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Published March 11, 2014, 05:25 PM

Grand Forks, N.D., conference promotes soil health

The Red River Valley region’s soil formed over 9,000 years. Speakers at a Grand Forks, N.D., conference have some suggestions on how farmers and ranchers can keep their precious soil healthy and productive.

By: Jonathan Knutson, Agweek

GRAND FORKS, N.D. — The Red River Valley region’s soil formed over 9,000 years. Speakers at a Grand Forks, N.D., conference have some suggestions on how farmers and ranchers can keep their precious soil healthy and productive.

The second annual Grand Forks Soil Health Workshop on March 11 drew about 100 agriculturalists, most from northeast North Dakota and northwest Minnesota. A group of local, county, state and federal organizations sponsored the event.

“We want to help operators and landlords learn more about what’s going on in their soil,” said Paul Bjorg, with the Grand Forks office of the Natural Resources Conservation Service, an agency of the U.S. Department of Agriculture and one of the conference sponsors.

Speakers looked at issues ranging from saline vs. sodic soil to the role of holistic management practices.

Saline soil is a major concern in the Red River Valley of eastern North Dakota and western Minnesota. Roughly $150 million in annual revenue is lost because of saline soil, according to information presented at the conference.

Too often, however, farmers and others in agriculture mistakenly lump saline soils (ones with excess soluble salts) with sodic soils (ones with excess sodium), said Tom DeSutter, an associate professor of soil science at North Dakota State University and a speaker at the Grand Forks conference.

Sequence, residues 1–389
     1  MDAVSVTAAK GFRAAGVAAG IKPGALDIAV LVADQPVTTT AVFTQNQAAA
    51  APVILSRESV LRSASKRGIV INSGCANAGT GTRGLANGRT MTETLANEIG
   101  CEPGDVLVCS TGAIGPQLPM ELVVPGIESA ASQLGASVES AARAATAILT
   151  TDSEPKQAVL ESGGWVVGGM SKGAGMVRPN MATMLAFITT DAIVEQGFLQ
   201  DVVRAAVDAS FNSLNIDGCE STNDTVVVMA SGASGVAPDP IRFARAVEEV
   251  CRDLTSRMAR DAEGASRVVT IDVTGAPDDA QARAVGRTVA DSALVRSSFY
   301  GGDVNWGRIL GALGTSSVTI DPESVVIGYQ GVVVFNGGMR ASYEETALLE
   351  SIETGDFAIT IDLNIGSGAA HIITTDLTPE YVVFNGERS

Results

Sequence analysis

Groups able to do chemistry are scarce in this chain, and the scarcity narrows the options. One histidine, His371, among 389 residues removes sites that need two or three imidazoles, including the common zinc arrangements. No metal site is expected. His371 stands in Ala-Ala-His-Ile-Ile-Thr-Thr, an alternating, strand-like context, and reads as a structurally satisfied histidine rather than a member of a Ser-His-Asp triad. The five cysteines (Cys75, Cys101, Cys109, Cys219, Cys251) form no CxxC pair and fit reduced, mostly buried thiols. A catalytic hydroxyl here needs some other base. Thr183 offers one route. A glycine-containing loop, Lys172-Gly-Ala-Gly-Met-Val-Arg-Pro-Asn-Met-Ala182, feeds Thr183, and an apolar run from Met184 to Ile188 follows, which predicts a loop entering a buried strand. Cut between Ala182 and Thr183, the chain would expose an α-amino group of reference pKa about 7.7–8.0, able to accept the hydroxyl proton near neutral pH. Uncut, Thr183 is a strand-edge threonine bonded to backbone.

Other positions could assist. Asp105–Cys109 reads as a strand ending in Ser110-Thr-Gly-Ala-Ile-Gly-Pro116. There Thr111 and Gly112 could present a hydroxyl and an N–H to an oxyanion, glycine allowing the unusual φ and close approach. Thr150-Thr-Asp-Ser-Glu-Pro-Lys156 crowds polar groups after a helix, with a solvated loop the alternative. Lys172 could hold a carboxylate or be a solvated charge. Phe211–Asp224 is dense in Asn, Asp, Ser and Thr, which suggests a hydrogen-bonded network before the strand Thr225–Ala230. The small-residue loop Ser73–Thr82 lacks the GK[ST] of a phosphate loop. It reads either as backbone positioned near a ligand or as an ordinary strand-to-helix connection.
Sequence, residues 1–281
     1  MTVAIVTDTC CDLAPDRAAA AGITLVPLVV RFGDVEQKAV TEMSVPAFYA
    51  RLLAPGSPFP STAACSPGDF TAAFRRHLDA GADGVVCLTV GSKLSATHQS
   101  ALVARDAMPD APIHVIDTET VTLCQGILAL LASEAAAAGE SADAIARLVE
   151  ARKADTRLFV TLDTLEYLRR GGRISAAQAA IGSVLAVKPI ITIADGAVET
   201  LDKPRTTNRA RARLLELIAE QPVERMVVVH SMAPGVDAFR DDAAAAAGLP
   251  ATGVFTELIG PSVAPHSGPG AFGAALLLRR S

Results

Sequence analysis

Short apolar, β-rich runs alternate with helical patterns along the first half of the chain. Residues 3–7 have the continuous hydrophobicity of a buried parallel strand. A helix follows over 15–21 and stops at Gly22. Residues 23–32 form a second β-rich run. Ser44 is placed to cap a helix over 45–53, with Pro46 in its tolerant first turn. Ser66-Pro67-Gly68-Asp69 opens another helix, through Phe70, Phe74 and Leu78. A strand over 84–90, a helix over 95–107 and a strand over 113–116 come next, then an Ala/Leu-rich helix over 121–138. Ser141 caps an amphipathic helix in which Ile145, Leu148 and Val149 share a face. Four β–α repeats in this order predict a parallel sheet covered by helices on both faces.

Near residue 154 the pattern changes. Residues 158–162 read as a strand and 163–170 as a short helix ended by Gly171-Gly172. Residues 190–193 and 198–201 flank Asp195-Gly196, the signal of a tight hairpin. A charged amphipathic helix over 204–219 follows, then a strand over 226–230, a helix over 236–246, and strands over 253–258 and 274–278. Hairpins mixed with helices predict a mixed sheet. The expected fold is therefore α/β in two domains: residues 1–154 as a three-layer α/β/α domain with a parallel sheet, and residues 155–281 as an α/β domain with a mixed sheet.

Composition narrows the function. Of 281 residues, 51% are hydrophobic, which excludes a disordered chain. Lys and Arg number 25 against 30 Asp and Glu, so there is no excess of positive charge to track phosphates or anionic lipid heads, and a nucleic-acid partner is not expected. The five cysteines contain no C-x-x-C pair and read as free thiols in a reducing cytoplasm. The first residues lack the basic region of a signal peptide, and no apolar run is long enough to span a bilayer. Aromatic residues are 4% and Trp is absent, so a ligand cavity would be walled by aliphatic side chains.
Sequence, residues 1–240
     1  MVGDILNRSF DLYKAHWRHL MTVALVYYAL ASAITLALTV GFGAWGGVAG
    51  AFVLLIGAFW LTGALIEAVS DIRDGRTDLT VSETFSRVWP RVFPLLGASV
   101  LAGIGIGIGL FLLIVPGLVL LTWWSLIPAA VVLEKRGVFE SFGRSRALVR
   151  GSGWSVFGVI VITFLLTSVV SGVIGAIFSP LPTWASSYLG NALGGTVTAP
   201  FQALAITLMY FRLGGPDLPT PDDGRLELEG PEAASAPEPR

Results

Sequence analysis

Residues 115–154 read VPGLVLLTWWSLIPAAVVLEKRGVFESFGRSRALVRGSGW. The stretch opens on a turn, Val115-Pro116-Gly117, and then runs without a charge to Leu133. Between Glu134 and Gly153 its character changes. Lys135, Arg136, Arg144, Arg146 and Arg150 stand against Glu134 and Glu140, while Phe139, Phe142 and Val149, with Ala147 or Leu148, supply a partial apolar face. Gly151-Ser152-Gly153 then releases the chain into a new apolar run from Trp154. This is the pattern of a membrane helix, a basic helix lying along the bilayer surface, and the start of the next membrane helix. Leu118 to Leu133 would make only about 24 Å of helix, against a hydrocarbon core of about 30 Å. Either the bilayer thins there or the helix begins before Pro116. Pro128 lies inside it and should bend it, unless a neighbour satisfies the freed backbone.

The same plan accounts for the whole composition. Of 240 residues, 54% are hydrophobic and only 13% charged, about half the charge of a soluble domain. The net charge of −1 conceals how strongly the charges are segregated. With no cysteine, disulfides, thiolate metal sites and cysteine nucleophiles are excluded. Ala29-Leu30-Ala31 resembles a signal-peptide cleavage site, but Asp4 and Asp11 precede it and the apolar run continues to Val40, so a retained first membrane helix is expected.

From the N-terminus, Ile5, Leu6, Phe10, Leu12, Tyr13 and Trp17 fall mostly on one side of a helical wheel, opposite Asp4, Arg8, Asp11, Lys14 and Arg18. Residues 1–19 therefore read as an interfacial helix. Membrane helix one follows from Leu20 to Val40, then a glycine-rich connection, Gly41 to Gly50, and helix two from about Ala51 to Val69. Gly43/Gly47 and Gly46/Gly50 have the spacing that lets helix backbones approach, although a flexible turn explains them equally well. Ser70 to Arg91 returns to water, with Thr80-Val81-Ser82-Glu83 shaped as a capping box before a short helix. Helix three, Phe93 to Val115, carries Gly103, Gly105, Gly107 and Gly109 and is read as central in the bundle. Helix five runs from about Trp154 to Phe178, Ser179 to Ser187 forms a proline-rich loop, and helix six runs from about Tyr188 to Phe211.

Sometimes, one or both are referred to as “alkali,” when in fact “saline-affected soil” or “sodium-affected soil” is more descriptive. Diagnosing the problem properly — determining if there is too much salt, sodium or both in the soil — is essential to dealing with it, DeSutter said.

Sodium-affected soil is a major concern in parts of the Upper Midwest, but not the Red River Valley, DeSutter said.

Both saline soil and sodic soil can hurt plant growth. Salts decrease water uptake and can be toxic to plants. Sodic soils usually have a dense, root-restricting layer than hurts fertility.

Salinity can be tackled in several ways, including drainage and planting crops, such as barley, that tolerate salt relatively well.

Nonetheless, “There’s no magic potion” in managing saline soil, DeSutter said.

‘Soil food web’

The “soil food web” is vital in soil health, said Hal Weiser, a Jamestown, N.D-based soil health specialist with the NRCS and a speaker at the conference.

The term refers to all living organisms in the soil — everything from the tiniest one-celled bacteria to earthworms, insects and plants. The organisms eat, grow and move through the soil, helping to keep it healthy.

Weiser and other speakers stressed the importance of keeping a diverse mix of plants on the soil, enhancing the soil food web and soil health.

That diversity should include cover crops, or crops grown primarily to improve soil health, not for harvest and sale.

“Cover crops are a good starting point” for farmers and others interested in improving soil health, Bjorg said.

Using cover crops often is more attractive to producers with both livestock and crops than it is to farmers who raise only crops, said Jerry Doan, owner-operator of Black Leg Ranch near McKenzie, N.D., which includes cow-calf operations and farming.

Cover crops can provide forage for livestock, enhancing their value, Doan said.

But cover crops also can help cut expenses and increase yields of crops grown for harvest and sale, he said.

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